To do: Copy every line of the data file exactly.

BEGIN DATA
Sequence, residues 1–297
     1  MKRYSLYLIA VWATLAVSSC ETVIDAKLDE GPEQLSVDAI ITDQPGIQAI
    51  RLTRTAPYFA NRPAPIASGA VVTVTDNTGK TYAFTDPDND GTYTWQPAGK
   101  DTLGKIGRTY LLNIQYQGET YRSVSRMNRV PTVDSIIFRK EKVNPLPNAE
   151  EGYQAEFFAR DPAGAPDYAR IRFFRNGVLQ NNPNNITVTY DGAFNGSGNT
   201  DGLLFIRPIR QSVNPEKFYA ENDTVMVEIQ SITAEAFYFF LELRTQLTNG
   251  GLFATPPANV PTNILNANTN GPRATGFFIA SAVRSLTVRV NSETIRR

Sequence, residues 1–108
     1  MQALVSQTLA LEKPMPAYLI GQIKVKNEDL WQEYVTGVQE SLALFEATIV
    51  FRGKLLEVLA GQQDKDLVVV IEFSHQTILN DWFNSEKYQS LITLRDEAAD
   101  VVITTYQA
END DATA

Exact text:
Sequence, residues 1–297
     1  MKRYSLYLIA VWATLAVSSC ETVIDAKLDE GPEQLSVDAI ITDQPGIQAI
    51  RLTRTAPYFA NRPAPIASGA VVTVTDNTGK TYAFTDPDND GTYTWQPAGK
   101  DTLGKIGRTY LLNIQYQGET YRSVSRMNRV PTVDSIIFRK EKVNPLPNAE
   151  EGYQAEFFAR DPAGAPDYAR IRFFRNGVLQ NNPNNITVTY DGAFNGSGNT
   201  DGLLFIRPIR QSVNPEKFYA ENDTVMVEIQ SITAEAFYFF LELRTQLTNG
   251  GLFATPPANV PTNILNANTN GPRATGFFIA SAVRSLTVRV NSETIRR

Sequence, residues 1–108
     1  MQALVSQTLA LEKPMPAYLI GQIKVKNEDL WQEYVTGVQE SLALFEATIV
    51  FRGKLLEVLA GQQDKDLVVV IEFSHQTILN DWFNSEKYQS LITLRDEAAD
   101  VVITTYQA